Royal Air Forces Escaping Society badge
On the night in April 21/22 1944, Canadian R.C.A.F. pilot Hugh Thomas was forced to bail out of his 218 Squadron Stirling bomber near Laon , northern France. With the assistance of the French underground he was able to make his way to Spain and eventually back to Britain. The remarkable story of his escape has been posted on the Canadian Aviation Historical Society (Regina Chapter) web site. Thomas was one of over 2, 800 aircrew shot down during WWII who either escaped from captivity or evaded capture.
Thomas remained in the military after the war ending his career at the RCAF's European headquarters in Paris in 1953. He was also a founding member of the Royal Air Forces Escaping Society, a UK-based charitable organization formed in 1946 to provide help to those in the former occupied countries in World War II who put their lives at risk to assist and save members of the "Royal Air Forces" (Air Forces of the British Commonwealth) who were attempting to escape and evade capture. Until it was disbanded in 1995, the society helped the widows, dependents and orphans of those who died and those requiring medical treatment or otherwise in need. It also fostered continued friendship between escapers and evaders and their helpers.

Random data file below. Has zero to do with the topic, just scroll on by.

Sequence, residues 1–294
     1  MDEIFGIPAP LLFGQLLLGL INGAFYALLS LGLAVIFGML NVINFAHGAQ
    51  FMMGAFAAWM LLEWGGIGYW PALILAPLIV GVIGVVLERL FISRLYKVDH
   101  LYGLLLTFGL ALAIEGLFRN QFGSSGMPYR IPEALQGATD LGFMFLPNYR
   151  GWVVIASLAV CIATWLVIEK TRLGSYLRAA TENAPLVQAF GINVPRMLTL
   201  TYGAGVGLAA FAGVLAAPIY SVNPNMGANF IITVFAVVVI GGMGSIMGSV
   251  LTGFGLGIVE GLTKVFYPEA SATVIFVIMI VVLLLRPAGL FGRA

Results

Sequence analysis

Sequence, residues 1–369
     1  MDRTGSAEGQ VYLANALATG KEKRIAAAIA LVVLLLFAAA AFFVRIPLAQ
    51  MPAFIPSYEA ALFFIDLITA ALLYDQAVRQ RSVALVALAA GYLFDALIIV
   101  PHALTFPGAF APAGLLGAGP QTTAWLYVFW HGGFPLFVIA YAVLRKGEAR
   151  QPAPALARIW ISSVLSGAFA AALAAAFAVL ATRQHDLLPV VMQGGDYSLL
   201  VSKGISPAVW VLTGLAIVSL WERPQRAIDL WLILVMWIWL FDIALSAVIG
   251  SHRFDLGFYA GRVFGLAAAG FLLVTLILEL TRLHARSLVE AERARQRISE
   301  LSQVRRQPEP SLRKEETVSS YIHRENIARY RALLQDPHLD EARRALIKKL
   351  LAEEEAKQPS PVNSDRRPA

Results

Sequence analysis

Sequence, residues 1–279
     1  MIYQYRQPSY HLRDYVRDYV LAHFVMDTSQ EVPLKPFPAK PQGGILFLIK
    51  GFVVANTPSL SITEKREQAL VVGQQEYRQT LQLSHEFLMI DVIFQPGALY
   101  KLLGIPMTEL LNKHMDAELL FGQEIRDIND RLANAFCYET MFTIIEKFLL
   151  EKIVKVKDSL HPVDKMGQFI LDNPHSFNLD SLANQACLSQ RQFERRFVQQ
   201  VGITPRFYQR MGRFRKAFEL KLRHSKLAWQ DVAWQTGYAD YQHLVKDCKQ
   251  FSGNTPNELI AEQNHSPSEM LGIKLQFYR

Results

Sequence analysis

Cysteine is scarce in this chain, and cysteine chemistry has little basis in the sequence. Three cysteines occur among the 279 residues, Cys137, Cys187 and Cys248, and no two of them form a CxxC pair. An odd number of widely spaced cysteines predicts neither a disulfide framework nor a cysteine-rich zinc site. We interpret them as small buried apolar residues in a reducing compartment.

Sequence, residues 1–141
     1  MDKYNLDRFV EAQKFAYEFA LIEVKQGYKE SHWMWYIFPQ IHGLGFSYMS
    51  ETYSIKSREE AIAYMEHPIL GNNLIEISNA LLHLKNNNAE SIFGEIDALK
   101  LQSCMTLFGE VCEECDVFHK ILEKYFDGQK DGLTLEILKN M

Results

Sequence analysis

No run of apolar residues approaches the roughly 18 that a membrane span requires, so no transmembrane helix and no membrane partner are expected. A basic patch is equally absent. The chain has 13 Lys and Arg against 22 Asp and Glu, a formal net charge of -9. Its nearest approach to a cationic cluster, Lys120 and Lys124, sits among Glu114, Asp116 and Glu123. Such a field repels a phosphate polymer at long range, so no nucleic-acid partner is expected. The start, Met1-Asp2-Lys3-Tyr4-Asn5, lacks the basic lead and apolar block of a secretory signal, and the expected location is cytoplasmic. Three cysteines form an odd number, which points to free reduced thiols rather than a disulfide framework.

The cover below was mailed by Hugh Thomas to the R.A.F. Escaping Society when he was serving at the R.C.A.F. station, Summerside, P.E.I.
Summerside to London, September 4, 1951